Casement 1998 Describes Jung's Idea Reaction Paper

Excerpt from Reaction Paper :

To look at another's life as a symbol or as an inspiration for how one ought or wishes to live can be a very motivating factor in finding one's own personal myth.

A fascinating element about Edinger's (1992) work is how he compares the teachings of Jesus from a subjective perspective of interpretation to depth psychology and how similar they are. For example, one that is particularly insightful is: 'Blessed are the meek, for they shall inherit the earth' (1992). Edinger (1992) states that 'subjectively understood, meekness will refer to an attitude of the ego towards the unconscious.' To come to inherit the earth seems to suggest 'an awareness of being individually related to or having a personal stake in the whole (the wholeness of life, the total human experience)' (1992). Nearly all of Jesus' teachings can be interpreted in a psychological way, which makes one believe (even if they do not have any religious beliefs) that religious and moral works can (and should) be interpreted as paradigms for how people can live their lives.

Jung's belief that the ego and the rest of the psyche were forever communicating (Young-Eisendrath & Dawson 2008) was one that was very different from other psychologists. He claimed that the process of communication goes on forever; the only thing that changes is the nature of the conversation (2008). What is interesting about this idea of Jung's is that there is the belief that one can never make the unconscious something that is conscious -- he believed this was impossible (2008) -- and the only thing one can do is to loosen 'the boundaries between conscious and unconscious' (2008). This can be done through psychotherapy and can lead to major growth for an individual. It is through this dialogue between ego and the rest of the psyche that one can deal with past traumas and learn how to deal with any traumas that may come into play in the future (2008).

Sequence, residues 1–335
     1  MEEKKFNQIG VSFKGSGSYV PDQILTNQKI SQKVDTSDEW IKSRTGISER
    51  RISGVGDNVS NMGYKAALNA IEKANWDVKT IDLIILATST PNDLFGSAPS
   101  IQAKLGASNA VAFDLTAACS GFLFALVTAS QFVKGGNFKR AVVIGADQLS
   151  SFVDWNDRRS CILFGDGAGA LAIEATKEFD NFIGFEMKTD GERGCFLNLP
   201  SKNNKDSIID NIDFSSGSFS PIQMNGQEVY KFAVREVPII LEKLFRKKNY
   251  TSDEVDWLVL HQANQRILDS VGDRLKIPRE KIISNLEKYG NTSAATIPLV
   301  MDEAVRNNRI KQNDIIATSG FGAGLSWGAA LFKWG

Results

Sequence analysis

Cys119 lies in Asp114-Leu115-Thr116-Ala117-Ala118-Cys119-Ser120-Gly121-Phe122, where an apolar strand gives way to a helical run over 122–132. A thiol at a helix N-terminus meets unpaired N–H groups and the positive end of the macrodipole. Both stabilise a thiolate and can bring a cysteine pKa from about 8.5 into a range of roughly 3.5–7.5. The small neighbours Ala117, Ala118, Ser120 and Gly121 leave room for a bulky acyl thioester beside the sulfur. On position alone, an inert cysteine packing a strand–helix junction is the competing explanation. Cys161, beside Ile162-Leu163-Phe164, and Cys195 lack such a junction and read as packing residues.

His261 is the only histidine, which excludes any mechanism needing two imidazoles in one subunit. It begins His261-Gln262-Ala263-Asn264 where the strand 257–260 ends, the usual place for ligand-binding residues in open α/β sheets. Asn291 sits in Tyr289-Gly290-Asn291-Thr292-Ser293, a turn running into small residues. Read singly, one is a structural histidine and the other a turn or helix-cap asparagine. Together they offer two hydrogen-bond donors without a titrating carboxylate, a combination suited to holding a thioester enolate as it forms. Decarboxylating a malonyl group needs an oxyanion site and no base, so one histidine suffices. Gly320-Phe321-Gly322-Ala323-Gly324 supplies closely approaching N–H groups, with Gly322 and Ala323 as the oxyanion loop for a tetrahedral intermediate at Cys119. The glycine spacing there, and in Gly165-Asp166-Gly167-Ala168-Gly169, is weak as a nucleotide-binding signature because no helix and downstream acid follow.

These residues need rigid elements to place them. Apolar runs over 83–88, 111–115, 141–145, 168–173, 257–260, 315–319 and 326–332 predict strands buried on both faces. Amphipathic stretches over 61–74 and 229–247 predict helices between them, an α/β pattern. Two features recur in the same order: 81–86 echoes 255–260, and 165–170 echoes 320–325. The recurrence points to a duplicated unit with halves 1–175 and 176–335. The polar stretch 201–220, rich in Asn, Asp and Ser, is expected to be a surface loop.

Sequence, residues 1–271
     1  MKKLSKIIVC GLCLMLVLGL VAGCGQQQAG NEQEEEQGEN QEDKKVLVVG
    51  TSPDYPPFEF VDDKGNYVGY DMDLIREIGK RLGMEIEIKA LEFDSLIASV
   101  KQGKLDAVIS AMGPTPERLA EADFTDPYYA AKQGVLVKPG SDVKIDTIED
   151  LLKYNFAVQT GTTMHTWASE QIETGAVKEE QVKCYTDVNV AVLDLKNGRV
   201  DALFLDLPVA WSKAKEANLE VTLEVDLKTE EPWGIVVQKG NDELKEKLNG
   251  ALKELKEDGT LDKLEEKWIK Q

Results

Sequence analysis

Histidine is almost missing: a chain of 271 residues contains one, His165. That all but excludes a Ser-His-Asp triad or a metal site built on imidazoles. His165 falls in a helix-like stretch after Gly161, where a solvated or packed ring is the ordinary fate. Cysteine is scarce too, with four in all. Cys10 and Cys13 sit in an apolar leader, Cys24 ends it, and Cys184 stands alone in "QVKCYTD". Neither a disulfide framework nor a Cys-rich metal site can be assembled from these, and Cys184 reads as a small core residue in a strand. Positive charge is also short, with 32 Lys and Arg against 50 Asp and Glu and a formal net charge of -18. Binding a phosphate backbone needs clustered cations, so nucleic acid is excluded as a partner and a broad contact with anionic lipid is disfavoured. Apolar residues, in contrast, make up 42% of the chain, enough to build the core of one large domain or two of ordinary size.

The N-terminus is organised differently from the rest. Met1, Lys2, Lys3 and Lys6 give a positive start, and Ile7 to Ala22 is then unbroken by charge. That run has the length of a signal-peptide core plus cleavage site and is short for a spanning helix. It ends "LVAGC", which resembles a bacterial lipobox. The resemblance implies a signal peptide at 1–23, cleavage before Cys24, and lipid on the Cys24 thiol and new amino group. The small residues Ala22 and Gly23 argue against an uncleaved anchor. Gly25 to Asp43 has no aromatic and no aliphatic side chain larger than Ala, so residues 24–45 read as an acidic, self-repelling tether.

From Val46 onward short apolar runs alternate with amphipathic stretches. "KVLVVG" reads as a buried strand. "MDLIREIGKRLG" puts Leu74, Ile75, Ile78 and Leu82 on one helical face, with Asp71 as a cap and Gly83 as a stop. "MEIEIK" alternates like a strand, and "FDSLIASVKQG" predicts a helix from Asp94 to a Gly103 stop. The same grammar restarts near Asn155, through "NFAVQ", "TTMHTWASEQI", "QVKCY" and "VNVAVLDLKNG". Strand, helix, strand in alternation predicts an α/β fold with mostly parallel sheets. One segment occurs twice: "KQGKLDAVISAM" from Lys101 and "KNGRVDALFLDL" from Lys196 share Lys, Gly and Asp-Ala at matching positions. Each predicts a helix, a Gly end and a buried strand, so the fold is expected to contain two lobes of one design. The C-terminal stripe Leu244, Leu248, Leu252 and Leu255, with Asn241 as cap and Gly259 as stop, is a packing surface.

The development of an individual didn't just happen during traumas and dealing with the traumas; Jung believed that psychological development was a continual process throughout life (Yong-Eisendrath & Dawson 2008). This means that the 'story' or the 'personal myth' as Jung called it, is forever changing -- that is, the narrative is ever-changing (2008).

Schwartz-Salant (1986) discusses narcissistic character structures and how they are driven toward individuation as well as the 'regressive fusion of ego and Self-image.' Narcissistic character structures can stunt personal growth or they can 'lead to the emergence of a new spirit' (1986), according to Scwartz-Salant. This statement is confusing as all of the characteristics of the narcissist are negative in nature: lacking penetrability, rejecting interpretation, intolerant of criticism, cannot integrative synthetic approach (1986), etc.

It seems that everyone has a different interpretation for what constitutes a narcissistic character; however, when looking at the story of Narcissus, a story of a may who could not recognize his own reflection, one can see that it is about a man who was blind to his own inner life and the only way that this could 'lead to the emergence of a new spirit' (Schwartz-Salant 1986) is if the person were able to open his or her eyes and no longer be blind. This could be done through depth psychology and finding individuation of Self and ego.

References:

Casement, Ann. (1998). Post-Jungians today: key papers in contemporary analytical psychology.

Routledge; pp. 83-146.

Edinger, Edward. (1992). Ego and archetype. Shambhala; pp. 131-294.

Scwartz-Salant, Nathan. (1986). Narcissism and character transformation: the psychology of…

Sources Used in Document:

References:

Casement, Ann. (1998). Post-Jungians today: key papers in contemporary analytical psychology.

Routledge; pp. 83-146.

Edinger, Edward. (1992). Ego and archetype. Shambhala; pp. 131-294.

Scwartz-Salant, Nathan. (1986). Narcissism and character transformation: the psychology of narcissistic character disorders. Inner City Books; pp. 29-132.

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